- Marlies Glasius, ‘It Sends a Message’: Liberian Opinion Leaders’ Responses to the Trial of Charles Taylor
- Hemi Mistry, The Paradox of Dissent: Judicial Dissent and the Projects of International Criminal Justice
- Symposium: Proof in International Criminal Trials
- Yvonne McDermott & John D. Jackson, Foreword
- Paul Roberts, The Priority of Procedure and the Neglect of Evidence and Proof: Facing Facts in International Criminal Law
- Yvonne McDermott, Inferential Reasoning and Proof in International Criminal Trials: The Potentials of Wigmorean Analysis
- Mark Klamberg, The Alternative Hypothesis Approach, Robustness and International Criminal Justice: A Plea for a ‘Combined Approach’ to Evaluation of Evidence
- Michael Ramsden & Cecilia Chung, ‘Reasonable Grounds to Believe’: An Unreasonably Unclear Evidentiary Threshold in the ICC Statute
- Triestino Mariniello, Questioning the Standard of Proof: The Purpose of the ICC Confirmation of Charges Procedure
- John D. Jackson & Yassin M. Brunger, Witness Preparation in the ICC: An Opportunity for Principled Pragmatism
- Cases before International Courts and Tribunals
- Nerina Boschiero, The ICC Judicial Finding on Non-cooperation Against the DRC and No Immunity for Al-Bashir Based on UNSC Resolution 1593
Monday, August 3, 2015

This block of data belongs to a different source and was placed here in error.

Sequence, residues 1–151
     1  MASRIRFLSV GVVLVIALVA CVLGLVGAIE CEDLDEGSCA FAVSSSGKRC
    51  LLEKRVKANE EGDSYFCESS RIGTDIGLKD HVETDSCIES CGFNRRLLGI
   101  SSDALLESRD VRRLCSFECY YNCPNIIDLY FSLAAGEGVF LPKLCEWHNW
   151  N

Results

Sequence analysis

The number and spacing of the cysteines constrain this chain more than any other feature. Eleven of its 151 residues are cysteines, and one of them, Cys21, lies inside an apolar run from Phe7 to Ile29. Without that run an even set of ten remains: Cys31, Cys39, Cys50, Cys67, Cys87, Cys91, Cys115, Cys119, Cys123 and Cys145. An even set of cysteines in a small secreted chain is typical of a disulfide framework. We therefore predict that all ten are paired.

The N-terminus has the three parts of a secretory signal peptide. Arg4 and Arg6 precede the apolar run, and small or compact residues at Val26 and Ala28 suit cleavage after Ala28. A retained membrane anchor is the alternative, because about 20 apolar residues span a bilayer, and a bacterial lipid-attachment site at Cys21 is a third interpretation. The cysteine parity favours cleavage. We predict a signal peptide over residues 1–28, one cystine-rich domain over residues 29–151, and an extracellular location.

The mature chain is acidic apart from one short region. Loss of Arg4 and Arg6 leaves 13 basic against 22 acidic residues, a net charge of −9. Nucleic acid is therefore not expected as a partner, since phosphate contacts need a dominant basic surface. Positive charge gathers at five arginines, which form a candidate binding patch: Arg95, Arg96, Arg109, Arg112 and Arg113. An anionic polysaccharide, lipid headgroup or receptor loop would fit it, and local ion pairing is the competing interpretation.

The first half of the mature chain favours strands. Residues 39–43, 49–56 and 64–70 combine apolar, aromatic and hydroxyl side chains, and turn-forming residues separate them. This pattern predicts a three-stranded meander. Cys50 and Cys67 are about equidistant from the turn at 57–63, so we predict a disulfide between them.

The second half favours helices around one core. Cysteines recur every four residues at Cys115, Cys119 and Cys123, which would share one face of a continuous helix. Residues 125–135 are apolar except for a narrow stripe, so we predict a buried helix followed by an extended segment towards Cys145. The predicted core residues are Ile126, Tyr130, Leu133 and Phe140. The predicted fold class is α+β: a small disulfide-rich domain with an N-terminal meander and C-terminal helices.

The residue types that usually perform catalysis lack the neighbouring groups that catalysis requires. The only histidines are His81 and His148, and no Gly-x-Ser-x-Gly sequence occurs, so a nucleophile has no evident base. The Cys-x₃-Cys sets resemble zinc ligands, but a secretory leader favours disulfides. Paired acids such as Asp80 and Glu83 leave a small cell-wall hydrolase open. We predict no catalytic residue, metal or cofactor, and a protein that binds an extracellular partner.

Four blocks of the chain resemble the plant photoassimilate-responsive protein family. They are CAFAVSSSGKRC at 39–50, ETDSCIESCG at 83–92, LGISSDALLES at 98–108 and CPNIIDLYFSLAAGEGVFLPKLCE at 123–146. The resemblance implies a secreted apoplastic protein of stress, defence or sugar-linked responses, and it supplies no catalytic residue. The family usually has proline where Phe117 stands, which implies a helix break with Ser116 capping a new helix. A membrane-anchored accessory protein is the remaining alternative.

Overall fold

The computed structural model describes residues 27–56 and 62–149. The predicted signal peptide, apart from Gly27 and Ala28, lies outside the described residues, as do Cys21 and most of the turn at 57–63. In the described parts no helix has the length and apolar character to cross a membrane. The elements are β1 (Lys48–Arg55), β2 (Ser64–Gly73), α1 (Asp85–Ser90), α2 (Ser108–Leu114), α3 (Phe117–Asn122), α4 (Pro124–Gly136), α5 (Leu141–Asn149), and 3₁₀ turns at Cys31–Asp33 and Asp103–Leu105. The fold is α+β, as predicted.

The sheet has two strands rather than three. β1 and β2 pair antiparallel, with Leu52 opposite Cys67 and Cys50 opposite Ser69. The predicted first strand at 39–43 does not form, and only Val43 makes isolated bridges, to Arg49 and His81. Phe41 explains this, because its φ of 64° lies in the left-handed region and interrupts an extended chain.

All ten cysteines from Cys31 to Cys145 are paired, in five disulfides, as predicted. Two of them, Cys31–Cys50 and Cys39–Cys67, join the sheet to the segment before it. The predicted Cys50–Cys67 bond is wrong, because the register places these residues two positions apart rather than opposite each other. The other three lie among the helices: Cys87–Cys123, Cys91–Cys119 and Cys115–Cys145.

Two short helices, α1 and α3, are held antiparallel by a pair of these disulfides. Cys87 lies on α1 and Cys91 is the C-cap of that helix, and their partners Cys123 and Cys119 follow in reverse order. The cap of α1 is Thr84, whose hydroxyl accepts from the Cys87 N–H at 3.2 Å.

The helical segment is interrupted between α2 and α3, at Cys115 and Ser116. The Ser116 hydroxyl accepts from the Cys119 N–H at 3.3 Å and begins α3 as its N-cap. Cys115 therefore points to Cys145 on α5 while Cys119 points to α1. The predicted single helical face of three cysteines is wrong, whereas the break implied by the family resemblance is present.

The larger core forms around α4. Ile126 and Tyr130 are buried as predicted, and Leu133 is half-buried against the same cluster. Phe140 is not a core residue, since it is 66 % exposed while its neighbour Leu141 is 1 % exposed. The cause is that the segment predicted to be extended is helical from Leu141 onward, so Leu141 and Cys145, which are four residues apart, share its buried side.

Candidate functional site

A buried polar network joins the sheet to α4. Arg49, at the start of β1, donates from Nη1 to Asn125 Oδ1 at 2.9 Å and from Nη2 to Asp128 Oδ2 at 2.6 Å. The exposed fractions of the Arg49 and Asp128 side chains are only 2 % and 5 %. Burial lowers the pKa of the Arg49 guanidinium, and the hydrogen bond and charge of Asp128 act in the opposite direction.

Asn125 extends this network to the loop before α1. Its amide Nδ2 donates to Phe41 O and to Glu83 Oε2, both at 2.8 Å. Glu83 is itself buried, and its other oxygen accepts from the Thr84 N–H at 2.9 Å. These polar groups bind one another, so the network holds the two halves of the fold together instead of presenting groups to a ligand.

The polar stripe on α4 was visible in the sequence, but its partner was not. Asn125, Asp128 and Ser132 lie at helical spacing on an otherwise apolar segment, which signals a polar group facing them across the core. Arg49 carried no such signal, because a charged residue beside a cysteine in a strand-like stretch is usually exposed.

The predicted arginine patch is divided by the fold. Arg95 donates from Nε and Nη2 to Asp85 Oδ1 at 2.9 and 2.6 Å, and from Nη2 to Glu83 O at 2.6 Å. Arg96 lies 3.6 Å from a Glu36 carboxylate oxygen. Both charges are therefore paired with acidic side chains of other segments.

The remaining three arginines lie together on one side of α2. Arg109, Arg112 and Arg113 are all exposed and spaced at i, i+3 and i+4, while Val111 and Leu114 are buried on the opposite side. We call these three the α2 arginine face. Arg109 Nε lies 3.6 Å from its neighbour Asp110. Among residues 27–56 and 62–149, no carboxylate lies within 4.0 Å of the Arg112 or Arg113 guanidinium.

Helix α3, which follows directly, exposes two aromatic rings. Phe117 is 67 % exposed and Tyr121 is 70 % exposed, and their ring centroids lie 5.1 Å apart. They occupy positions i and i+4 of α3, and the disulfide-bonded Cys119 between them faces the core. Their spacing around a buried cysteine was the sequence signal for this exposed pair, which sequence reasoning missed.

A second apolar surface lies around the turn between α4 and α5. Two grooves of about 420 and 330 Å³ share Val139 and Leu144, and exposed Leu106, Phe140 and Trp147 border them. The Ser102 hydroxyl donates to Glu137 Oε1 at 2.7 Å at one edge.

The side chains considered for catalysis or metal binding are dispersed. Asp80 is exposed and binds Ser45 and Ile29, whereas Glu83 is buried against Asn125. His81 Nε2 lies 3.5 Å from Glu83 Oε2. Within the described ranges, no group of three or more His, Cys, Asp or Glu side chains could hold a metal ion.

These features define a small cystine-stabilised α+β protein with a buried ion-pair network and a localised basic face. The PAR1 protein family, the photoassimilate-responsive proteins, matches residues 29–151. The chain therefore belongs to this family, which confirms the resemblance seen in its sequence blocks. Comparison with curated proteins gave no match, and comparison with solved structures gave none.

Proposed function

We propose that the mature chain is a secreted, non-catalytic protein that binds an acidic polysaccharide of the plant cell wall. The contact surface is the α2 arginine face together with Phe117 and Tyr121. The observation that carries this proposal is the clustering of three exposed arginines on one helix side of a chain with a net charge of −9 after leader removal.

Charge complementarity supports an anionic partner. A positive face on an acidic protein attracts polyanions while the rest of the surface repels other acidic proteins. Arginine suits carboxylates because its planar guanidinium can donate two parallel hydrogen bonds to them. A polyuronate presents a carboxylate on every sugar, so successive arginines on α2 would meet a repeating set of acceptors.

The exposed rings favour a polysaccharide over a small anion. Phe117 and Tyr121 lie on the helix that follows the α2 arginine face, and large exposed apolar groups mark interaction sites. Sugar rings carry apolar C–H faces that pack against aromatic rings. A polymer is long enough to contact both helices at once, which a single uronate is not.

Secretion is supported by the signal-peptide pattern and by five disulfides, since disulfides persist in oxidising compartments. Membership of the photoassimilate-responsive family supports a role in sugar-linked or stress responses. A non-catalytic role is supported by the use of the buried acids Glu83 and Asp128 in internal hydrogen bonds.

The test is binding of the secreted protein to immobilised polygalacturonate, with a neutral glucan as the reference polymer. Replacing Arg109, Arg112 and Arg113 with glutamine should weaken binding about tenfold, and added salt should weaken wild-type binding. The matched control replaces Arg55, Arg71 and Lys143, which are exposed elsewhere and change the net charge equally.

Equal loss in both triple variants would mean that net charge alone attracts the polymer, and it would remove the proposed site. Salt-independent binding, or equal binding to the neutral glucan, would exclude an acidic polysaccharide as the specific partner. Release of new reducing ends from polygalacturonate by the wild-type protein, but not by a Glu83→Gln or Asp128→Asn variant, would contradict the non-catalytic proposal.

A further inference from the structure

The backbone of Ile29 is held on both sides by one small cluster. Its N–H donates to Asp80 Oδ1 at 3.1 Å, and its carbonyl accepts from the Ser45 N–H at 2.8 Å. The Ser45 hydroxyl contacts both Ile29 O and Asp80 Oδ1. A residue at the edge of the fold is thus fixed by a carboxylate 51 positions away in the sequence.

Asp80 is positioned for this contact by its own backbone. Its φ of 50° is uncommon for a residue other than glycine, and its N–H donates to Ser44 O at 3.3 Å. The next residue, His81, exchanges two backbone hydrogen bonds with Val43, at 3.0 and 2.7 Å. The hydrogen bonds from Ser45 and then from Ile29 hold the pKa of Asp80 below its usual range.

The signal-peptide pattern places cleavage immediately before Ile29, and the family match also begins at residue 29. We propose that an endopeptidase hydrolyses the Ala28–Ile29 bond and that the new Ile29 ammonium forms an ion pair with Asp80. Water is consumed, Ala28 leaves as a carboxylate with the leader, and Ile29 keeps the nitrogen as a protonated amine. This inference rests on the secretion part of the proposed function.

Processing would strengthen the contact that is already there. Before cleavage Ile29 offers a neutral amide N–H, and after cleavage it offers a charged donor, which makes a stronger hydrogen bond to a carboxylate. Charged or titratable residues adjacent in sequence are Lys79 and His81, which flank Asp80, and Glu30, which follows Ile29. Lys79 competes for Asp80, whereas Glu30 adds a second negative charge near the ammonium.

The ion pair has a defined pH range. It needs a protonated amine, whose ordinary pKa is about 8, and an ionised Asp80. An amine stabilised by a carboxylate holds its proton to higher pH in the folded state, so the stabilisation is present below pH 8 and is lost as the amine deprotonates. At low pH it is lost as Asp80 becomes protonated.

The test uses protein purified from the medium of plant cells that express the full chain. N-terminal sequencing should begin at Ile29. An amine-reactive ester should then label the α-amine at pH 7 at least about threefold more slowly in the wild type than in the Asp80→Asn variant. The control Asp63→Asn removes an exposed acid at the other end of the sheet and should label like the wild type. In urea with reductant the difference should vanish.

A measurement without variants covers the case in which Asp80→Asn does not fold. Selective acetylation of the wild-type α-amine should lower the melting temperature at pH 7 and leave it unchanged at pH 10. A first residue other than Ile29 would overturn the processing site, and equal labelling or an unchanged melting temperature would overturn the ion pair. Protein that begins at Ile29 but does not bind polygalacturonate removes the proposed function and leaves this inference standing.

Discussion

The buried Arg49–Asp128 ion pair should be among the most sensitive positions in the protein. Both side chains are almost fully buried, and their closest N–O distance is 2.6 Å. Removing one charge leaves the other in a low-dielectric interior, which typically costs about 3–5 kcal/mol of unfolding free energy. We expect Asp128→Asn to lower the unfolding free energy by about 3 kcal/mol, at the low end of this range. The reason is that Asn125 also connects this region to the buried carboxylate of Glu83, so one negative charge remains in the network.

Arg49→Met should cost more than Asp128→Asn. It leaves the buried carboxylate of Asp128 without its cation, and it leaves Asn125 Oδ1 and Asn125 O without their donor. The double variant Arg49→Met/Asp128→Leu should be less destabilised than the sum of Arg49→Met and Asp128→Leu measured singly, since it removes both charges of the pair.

- Cecily Rose, International Lawyers as Public Intellectuals and the Need for More Books
- John Dugard Lecture - 2015
- Kenneth J. Keith, The International Rule of Law
- International Legal Theory
- Ignacio de la Rasilla del Moral, The Shifting Origins of International Law
- Yolanda Gamarra, Ibn Khaldun (1332–1406): A Precursor of Intercivilizational Discourse
- International Law and Its Methodology
- Ino Augsberg, Some Realism About New Legal Realism: What's New, What's Legal, What's Real?
- Jan Klabbers, Whatever Happened to Gramsci? Some Reflections on New Legal Realism
- Gregory Shaffer, New Legal Realism's Rejoinder
- Jakob V.H. Holtermann & Mikael Rask Madsen, High Stakes and Persistent Challenges – A Rejoinder to Klabbers and Augsberg
- International Law and Practice
- Hugh Thirlway, Human Rights in Customary Law: An Attempt to Define Some of the Issues
- Rosa Freedman & Nicolas Lemay-Hebert, ‘Jistis ak Reparasyon pou Tout Viktim Kolera MINUSTAH’: The United Nations and the Right to Health in Haiti
- Mamadou Hébié, Was There Something Missing in the Decolonization Process in Africa?: The Territorial Dimension
- Friedrich Benjamin Schnedier, The International Convention on the Prevention of Odious Agreements: A Human Rights-Based Mechanism to Avoid Odious Debts
- Shen Wei, Expropriation in Transition: Evolving Chinese Investment Treaty Practices in Local and Global Contexts
- Hague International Tribunals: International Court of Justice
- Abdulqawi A. Yusuf, From Reluctance to Acquiescence: The Evolving Attitude of African States Towards Judicial and Arbitral Settlement of Disputes
- International Criminal Courts and Tribunals